No one can wake up one day and magically produce a masterpiece. We all have to create a lot of junk before we can create something good. And we have to produce a lot of good stuff before we can produce amazing work.
3. Drawing from diverse sources
'We all need fuel. Without the assistance, advice, and inspiration of others, the gears of our mind grind to a halt, and we're stuck with nowhere to go.' - Arnold Schwarzenegger
The initial part of producing creative work is known as the saturation phase. Inspiration is like energy - it can only be transferred, not made. Creativity is largely a process of drawing connections between existing ideas. If you have read even a couple of my essays, you have probably noticed the diversity of my references - philosophy, science, music, art, books of every sort. I absorb a wide range of information, catalog and remember it. When it is time to write, I search my mental library for related ideas. Even skills and information which seem useless or impractical prove helpful eventually. Reading a broad range of books gives me a rich pool of ideas to draw from. The first thing I always tell people who ask me how they can be more creative is this: take notes all the time. Record whatever jumps out at you each time you read, watch, hear or think something.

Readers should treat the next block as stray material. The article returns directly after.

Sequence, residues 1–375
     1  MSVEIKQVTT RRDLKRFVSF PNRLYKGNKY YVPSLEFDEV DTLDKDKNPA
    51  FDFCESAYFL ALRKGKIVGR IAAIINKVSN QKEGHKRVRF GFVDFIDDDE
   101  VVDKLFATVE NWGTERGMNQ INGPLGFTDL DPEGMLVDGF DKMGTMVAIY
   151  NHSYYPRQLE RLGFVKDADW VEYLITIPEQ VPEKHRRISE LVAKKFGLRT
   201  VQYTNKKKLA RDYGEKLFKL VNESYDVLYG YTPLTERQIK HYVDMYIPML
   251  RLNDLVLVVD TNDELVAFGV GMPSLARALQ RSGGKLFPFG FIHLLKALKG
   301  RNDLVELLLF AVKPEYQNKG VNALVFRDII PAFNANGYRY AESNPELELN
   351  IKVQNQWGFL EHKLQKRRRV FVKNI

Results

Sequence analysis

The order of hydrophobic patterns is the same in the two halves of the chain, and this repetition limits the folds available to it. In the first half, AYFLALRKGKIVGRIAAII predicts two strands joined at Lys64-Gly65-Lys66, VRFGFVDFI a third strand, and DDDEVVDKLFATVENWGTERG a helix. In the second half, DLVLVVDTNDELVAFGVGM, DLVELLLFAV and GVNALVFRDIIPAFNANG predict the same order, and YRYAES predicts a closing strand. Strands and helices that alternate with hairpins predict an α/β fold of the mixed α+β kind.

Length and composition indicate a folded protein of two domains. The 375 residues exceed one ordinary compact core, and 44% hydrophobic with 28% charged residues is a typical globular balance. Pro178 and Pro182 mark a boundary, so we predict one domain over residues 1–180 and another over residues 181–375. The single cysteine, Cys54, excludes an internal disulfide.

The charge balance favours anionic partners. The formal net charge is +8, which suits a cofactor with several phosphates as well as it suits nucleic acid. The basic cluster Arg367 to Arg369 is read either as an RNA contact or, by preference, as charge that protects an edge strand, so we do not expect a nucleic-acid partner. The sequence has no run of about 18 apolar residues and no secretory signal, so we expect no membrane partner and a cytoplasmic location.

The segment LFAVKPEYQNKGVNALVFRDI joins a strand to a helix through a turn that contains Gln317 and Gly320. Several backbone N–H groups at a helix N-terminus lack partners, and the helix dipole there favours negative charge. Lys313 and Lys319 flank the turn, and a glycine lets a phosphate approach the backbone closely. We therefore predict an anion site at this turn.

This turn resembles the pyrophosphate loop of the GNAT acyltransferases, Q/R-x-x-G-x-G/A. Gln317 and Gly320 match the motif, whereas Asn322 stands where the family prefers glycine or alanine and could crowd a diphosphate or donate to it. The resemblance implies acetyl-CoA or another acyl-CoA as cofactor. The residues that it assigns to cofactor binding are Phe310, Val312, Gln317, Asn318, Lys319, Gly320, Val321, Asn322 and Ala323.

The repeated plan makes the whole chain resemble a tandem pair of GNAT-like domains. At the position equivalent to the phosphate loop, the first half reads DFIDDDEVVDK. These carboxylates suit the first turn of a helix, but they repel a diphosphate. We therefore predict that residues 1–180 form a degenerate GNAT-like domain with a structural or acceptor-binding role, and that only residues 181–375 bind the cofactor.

If we are a product of the five people we spend the most time with, then our work is the product of the 5 people we spend the most time being inspired. For me, they are currently Conor Oberst, Maria Popova, Seneca, Jack London and Seth Godin. Next week that list will be different. Funnily enough, they are all people who themselves draw from diverse sources of inspiration.
Inspiration can come from anywhere. Christopher Kane once designed a collection based on a small piece of embroidery he found at a car boot sale. Stephen King wrote a story inspired by a woman he saw in a passing car. The film 'Mary is Happy, Mary is Happy' is framed around random tweets by an anonymous girl. I have written essays inspired by a conversation with a sniper on a train, a piece of graffiti and a passing comment in a TED talk.
Steve Jobs described in his famous Stanford commencement address how pulling disciplines together enabled him to elevate his work: